After losing a US Senate race, Congressman George H. W. Bush was prepared to head back to the Texas oilfields and a life of relative obscurity when the new Republican president summoned him to Washington.

The president thought highly of the young man and wanted to ensure his political future. He offered Bush the Ambassadorship to the United Nations, a position that would give him a chance to remain politically relevant as he burnished his foreign policy credentials. Bush accepted.

And with that, Richard Nixon launched George H.W. Bush as a national figure.

A moderate Republican with impeccable Ivy League credentials, Bush wasn’t a bull-in-a-china-shop outsider like Nixon, but Nixon saw in him a smart, ambitious loyalist who could help him negotiate the establishment swamps both here and abroad. Nixon was so convinced of Bush’s abilities that following his stint at Turtle Bay, Nixon named him chairman of the Republican National Committee at the height of Watergate. It was another position that, while thankless at the time, set Bush on a trajectory that ultimately put him in the presidency.

Nixon, perhaps the greatest foreign policy visionary to occupy the Oval Office, mentored Bush (and every president who succeeded him through Bill Clinton, except for Jimmy Carter), which helps to explain his later disappointment with Bush’s leadership at particularly pivotal moments.

Having served as Nixon’s foreign policy assistant from 1990 until his death in 1994, I had a front-row seat to much of Bush’s presidency as seen through Nixon’s eyes. While Nixon respected Bush, Nixon grew increasingly frustrated with what he considered Bush’s rather perfunctory handling of staggeringly important historical events, particularly the 1989-1990 collapse of the Soviet empire and Saddam Hussein’s 1990 invasion of Kuwait.

Part of Nixon’s frustration stemmed from no longer having the ability to direct epic events himself. But the majority of his irritation was rooted in having to watch those events, in his view, be mishandled. Great leadership required great vision, and Nixon grew dismayed when he believed that Bush wasn’t demonstrating either.

As I originally reported in my book Nixon in Winter, Nixon considered Bush ‘a good man, but not a strong man politically,’ who despite his extensive experience in foreign affairs, failed to respond resolutely and imaginatively to the end of the cold war. For Nixon, Bush’s foreign policy seemed to reflect dominant opinion rather than lead proactively, leaving Bush as a responder to rather than a shaper of events.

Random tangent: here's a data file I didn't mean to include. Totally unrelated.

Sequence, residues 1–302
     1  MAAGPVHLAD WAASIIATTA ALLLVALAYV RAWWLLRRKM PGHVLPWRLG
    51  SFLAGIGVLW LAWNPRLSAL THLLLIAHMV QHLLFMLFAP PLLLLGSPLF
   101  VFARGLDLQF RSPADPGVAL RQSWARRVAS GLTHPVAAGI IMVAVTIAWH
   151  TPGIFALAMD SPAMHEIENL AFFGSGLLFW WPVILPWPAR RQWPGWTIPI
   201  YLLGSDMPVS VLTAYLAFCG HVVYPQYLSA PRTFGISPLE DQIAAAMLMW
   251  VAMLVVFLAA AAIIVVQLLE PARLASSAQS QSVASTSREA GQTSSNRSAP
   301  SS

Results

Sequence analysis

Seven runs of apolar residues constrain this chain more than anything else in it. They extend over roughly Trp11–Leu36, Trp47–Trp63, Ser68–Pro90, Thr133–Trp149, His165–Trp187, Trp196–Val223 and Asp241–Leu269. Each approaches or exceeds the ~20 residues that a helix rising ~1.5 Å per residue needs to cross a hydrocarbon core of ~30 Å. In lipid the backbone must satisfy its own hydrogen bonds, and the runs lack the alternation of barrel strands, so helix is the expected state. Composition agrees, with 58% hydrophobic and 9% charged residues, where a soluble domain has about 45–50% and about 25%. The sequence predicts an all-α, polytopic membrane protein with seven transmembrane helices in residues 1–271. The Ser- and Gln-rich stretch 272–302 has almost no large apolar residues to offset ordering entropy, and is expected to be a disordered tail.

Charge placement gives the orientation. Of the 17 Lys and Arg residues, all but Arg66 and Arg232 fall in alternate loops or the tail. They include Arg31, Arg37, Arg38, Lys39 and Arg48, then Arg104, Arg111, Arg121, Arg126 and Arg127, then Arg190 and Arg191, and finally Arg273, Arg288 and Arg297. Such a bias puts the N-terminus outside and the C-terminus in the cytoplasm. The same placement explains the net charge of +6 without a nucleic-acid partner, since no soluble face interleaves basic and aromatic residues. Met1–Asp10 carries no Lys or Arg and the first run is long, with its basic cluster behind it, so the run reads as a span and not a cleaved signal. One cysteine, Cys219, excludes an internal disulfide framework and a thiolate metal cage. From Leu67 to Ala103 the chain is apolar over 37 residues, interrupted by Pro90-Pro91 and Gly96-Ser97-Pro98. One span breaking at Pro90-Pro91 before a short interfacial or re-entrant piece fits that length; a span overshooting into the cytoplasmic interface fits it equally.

Although Nixon conceded that Bush faced a difficult challenge in formulating policy in a new and uncertain era, he faulted him for an unwillingness to take some risks in behalf of the democratic revolution then sweeping Europe.

‘The guy has to be wondering what to do,’ Nixon said to me of Bush in October 1990. ‘What does the United States do when the entire international system it has known for 45 years collapses without anything to replace it? It’s a tough nut to crack. I’m not saying it’s easy. It’s just that Bush has shown absolutely no command of this situation.’

Nixon believed that the US should pursue a principled policy that served our long-term interests. Bush’s reluctance to live up to our moral, political, social and ideological responsibility to assist the forces of democratic reform was a grave mistake, Nixon thought, and he let his frustration become known in what became known as the 1992 ‘Nixon memo’. It was a scathing indictment of Bush’s unresponsive policy toward the now-former Soviet Union, in which he proposed a comprehensive plan to shore up internal reform elements, including establishing a ‘free enterprise corps.’

The memo got the attention of Bush and his team, who began robust debate of his recommendations.

The episode was reminiscent of Nixon’s move two years earlier immediately following Saddam Hussein’s August 2, 1990 invasion of Kuwait.

As president, Nixon had ordered a top-secret intelligence analysis of Islamic fundamentalism, terrorism and expansionism, and he knew that US-led military action was likely the only way to dislodge Iraq from its neighbor. To Nixon’s relief, Bush condemned the aggression the next day, although Nixon believed he did so only because British Prime Minister Margaret Thatcher was present ‘to put the spine into him.’

Nixon wanted to put some spine into Bush as well, so he drafted a lengthy memorandum of military, diplomatic and political advice which he had me hand-deliver to the White House. That memo, like the later one on Russia, had its desired effect in guiding Bush’s policy thinking, and shaping, at least somewhat, the execution of the first Persian Gulf war.

As we rightfully celebrate Bush’s foreign policy record, it’s worth remembering that some of his greatest achievements were – at least in part – due to his mentor’s interventions. To his credit, Bush always listened keenly to Nixon’s counsel and carefully considered it, though he didn’t always choose to heed it in full. And while Nixon often felt compelled to prod him, he never doubted Bush’s integrity, honor or intentions.

I am certain that Bush experienced his fair share of frustrations about Nixon as well. But Bush also publicly recognized that the man who had changed the course of his life had also changed history in countless ways. Now that both men have passed from the scene, we’d do well to recognize that the country and world were – and are – better for their compelling relationship.

Monica Crowley is a contributing editor to Spectator USA and a columnist for the Washington Times.